Efling Strike: Classrooms Close Due to Unsanitary Conditions

Borgarfjörður eystri

Around 1,850 City of Reykjavík employees who are members of the Efling Union began an indefinite strike on Monday, January 17. The strike has already had a considerable impact on several Reykjavík schools, Vísir reports.

Efling expects an extended strike

A strike among Reykjavík City employees who are members of the Efling Union began last Monday. Union chairperson Sólveig Anna Jónsdóttir expects the strike to be a long one. The strike will affect preschools, elementary schools, welfare services, and waste management services in the city.

Efling turned down a proposal from the City of Reykjavík last Tuesday, February 19, saying that, “once again, the City of Reykjavík had struck the conciliatory hand of low-wage workers.”

Unsanitary conditions

The strike has begun impacting Reykjavík schools. A group of students in Grandaskóli stayed home today as a section of the school had been closed due to unsanitary conditions. Réttarholtsskóli was also closed yesterday, as the school’s janitorial staff is currently on strike. Conditions were especially dire in the school’s bathrooms.

17 Classrooms Closed

Conditions are comparable in other schools, with many schools being unable to receive all students, as school administrators are planning to close parts of their buildings. Grandaskóli is one of those schools: roughly 140 students, of 365, were able to attend school today.

“It’s the cleaning that’s having the biggest impact,” Örn Halldórsson, principal of Grandaskóli stated. “We needed to close that part of the school that hasn’t been cleaned. It puts the worst strain on the halls and the desks where the kids eat their packed meals in the morning. The state of the desks is unacceptable.”

Grandaskóli has closed 17 classrooms while continuing to teach in seven. Örn hopes for a speedy resolution to the wage negotiations, as strikes have a negative impact on the education and wellbeing of children. “It’s absurd. Children need their routine. Uncertainty of this kind affects them negatively, just like us adults.”

It remains uncertain when the next wage negotiations will occur as the State Mediator has yet to call a new meeting.

Life-Threatening Conditions in Eldvörp Caves, Warning Issued

Grindavík - Þorbjörn

Following gas measurements conducted yesterday, the Icelandic Met Office has issued a warning for caves near the Eldvörp crater row in the Reykjanes peninsula (west of the Blue Lagoon). The Met Office conducts such analyses every week after a series of earthquakes, which resulted in considerable land uplift near Mt. Þorbjörn by Grindavík, occurred in late January.

A warning issued by a natural hazard expert with the Met Office states that changes in gas concentration have been measured, and in light of this the Met Office warns against exploring caves in the area. Measurements within one cave, in particular, indicated a life-threatening concentration of carbon dioxide along with a lack of oxygen.

“There are many caves in the area, but the cave in question is near a parking lot popular among travellers seeking to visit the Eldvörp crater row,” the statement reads. The Department of Civil Protection and Emergency Management has been apprised of the situation.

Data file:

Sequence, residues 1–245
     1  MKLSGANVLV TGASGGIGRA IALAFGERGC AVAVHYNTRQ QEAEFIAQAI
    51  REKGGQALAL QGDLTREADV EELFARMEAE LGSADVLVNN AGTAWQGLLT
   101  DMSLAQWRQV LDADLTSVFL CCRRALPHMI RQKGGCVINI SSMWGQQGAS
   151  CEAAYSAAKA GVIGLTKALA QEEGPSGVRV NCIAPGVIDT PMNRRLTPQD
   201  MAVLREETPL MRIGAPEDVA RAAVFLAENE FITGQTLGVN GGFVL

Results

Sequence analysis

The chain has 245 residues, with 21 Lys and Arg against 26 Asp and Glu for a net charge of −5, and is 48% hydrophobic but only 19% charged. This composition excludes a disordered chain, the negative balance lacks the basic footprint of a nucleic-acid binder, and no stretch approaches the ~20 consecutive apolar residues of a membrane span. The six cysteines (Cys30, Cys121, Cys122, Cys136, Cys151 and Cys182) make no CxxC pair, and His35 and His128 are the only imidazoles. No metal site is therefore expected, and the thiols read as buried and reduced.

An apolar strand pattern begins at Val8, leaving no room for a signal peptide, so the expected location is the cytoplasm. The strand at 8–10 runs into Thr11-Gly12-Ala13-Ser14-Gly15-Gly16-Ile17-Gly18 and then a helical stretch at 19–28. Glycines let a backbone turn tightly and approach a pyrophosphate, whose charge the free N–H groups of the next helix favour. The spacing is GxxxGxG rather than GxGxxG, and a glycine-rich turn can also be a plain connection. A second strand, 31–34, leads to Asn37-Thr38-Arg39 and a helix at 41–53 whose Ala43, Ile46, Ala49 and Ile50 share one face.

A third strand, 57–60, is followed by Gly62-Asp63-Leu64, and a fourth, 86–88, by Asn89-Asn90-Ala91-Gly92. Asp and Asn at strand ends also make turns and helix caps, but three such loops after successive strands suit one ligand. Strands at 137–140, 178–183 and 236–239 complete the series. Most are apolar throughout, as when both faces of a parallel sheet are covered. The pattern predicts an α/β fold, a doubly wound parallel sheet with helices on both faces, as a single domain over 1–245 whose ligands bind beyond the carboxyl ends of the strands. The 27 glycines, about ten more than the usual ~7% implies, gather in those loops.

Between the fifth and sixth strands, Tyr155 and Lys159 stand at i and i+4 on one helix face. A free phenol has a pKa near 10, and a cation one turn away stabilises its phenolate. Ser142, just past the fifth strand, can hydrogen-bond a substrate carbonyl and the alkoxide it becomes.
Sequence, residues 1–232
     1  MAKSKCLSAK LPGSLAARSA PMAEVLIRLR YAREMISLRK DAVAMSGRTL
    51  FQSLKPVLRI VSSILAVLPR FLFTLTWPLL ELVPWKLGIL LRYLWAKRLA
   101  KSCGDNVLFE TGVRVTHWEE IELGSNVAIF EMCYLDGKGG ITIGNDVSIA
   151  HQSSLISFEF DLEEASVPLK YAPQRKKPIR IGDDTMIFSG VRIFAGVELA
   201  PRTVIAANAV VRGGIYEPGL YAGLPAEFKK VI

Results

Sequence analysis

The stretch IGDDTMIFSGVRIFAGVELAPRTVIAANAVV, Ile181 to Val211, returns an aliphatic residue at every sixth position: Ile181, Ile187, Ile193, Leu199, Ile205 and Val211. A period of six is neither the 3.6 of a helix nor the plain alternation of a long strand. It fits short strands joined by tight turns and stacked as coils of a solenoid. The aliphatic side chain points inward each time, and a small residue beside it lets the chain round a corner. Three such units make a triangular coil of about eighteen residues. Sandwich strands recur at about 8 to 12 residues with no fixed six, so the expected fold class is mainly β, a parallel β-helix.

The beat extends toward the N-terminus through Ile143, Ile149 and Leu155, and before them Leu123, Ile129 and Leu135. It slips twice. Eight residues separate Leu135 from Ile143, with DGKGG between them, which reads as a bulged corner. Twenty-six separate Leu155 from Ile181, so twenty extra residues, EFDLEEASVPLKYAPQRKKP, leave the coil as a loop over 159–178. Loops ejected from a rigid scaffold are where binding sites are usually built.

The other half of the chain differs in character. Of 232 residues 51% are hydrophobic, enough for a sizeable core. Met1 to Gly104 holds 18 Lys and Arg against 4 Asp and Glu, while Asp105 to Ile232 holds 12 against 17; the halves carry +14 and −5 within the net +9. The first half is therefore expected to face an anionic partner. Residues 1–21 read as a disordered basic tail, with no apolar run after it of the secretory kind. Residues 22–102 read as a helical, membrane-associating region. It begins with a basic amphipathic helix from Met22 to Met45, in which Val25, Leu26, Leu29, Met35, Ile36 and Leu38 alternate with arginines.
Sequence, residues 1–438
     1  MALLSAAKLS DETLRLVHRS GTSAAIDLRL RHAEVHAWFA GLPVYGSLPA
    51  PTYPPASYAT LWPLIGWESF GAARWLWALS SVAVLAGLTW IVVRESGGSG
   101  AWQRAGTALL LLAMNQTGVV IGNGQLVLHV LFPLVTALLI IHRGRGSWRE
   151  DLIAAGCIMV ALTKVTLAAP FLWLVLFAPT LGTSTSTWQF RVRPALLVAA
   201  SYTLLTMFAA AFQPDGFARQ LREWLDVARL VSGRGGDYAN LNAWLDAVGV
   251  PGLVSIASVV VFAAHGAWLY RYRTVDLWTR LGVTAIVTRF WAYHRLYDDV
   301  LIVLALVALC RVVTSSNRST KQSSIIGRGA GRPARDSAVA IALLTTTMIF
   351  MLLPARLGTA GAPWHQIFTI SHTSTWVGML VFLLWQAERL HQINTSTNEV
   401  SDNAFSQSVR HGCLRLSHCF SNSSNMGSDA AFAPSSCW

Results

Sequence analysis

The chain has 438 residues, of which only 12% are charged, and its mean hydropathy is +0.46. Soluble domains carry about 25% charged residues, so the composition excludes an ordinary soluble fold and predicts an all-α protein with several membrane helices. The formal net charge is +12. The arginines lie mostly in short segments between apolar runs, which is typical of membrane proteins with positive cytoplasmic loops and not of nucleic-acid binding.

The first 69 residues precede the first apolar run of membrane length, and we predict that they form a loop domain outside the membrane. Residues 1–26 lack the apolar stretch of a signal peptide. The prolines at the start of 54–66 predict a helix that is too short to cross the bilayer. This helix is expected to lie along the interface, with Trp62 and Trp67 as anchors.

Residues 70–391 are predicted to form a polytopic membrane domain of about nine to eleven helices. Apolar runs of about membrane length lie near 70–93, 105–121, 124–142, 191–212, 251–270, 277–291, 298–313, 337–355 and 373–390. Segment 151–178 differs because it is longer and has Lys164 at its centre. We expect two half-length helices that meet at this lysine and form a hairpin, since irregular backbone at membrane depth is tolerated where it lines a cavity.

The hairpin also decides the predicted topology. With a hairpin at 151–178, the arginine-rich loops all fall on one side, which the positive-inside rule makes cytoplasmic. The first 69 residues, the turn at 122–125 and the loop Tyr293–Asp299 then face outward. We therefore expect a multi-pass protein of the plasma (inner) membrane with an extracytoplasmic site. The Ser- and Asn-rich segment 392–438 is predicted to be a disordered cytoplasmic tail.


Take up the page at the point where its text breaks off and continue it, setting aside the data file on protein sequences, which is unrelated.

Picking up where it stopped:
In an interview with RÚV, Kristín Jónsdóttir, team leader with the natural disaster watch at the Met Office, stressed that the Met Office’s warning only applied to caves in the area: “Walking in the area should be safe. It’s a beautiful area and it’s fun to explore. But we’re warning travellers to refrain from exploring the caves.”

This article was updated at 2.33 pm.

Dangerous Conditions in Kópavogur Fire


At 3.30 am tonight, the Capital District Fire and Rescue Service was notified of a fire in Vesturvör 36 in Kópavogur, RÚV reports. The building, which is roughly 3,000 m2, houses the Hamar machine shop, the Freyja chocolate factory, and boat manufacturer Rafnar, among others. All units were dispatched, among them off-duty firefighters.

In an interview with RÚV earlier this morning, Vernharð Guðnason, a divisional manager with the Fire and Rescue Service, stated that good progress had been made: “We’re still endeavouring to put out a few minor flames, but all of the major fires have been extinguished, and the firefighting, generally speaking, went exceptionally well.”

According to Vernharð, conditions were quite dangerous: “Yes, certainly. This is the kind of operation (Hamar machine shop) with a lot of gas tanks and welding equipment, along with a certain kind of fuel, and there is also a plastics factory in one section of the building. So, yes, the conditions were quite dangerous initially.”

Vernharð added that a large part of the building was unscathed. “It’s mainly one company that suffered the most damages, and they are significant,” Vernharð stated, referring to the Hamar machine shop.

In an interview with Vísir, Kári Pálsson, owner of Hamar, said that watching the company burn was a great shock. “The heart of the company is gone,” Kári said, adding that this morning he had begun looking for another building in the area from which to conduct the company’s operations. Other companies offered to help.

Hamar, which has been in operations since 1998, operates a total of five sites in Hafnarfjörður, Grundartangi, Akureyri, Eskifirði, and in Kópavogur, the latter of which being the biggest. Approximately 60 people work in Hamar’s shop in Kópavogur. Kári stated that the company was insured and that it was a great relief that no one was injured.